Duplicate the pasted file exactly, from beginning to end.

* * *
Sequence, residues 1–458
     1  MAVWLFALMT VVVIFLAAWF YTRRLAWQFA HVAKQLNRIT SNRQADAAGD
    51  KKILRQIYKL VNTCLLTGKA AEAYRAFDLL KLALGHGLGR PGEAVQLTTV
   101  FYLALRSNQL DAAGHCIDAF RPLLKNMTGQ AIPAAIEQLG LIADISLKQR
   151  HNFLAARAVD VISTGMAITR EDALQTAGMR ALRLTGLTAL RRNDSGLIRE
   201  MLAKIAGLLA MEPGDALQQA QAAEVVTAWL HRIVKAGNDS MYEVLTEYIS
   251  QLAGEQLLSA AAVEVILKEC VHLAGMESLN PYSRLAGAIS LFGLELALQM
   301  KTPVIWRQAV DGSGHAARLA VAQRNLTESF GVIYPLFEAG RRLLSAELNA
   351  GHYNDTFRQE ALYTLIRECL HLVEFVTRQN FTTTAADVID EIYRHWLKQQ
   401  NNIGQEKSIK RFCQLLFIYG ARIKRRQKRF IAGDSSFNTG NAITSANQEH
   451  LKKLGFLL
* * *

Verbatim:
Sequence, residues 1–458
     1  MAVWLFALMT VVVIFLAAWF YTRRLAWQFA HVAKQLNRIT SNRQADAAGD
    51  KKILRQIYKL VNTCLLTGKA AEAYRAFDLL KLALGHGLGR PGEAVQLTTV
   101  FYLALRSNQL DAAGHCIDAF RPLLKNMTGQ AIPAAIEQLG LIADISLKQR
   151  HNFLAARAVD VISTGMAITR EDALQTAGMR ALRLTGLTAL RRNDSGLIRE
   201  MLAKIAGLLA MEPGDALQQA QAAEVVTAWL HRIVKAGNDS MYEVLTEYIS
   251  QLAGEQLLSA AAVEVILKEC VHLAGMESLN PYSRLAGAIS LFGLELALQM
   301  KTPVIWRQAV DGSGHAARLA VAQRNLTESF GVIYPLFEAG RRLLSAELNA
   351  GHYNDTFRQE ALYTLIRECL HLVEFVTRQN FTTTAADVID EIYRHWLKQQ
   401  NNIGQEKSIK RFCQLLFIYG ARIKRRQKRF IAGDSSFNTG NAITSANQEH
   451  LKKLGFLL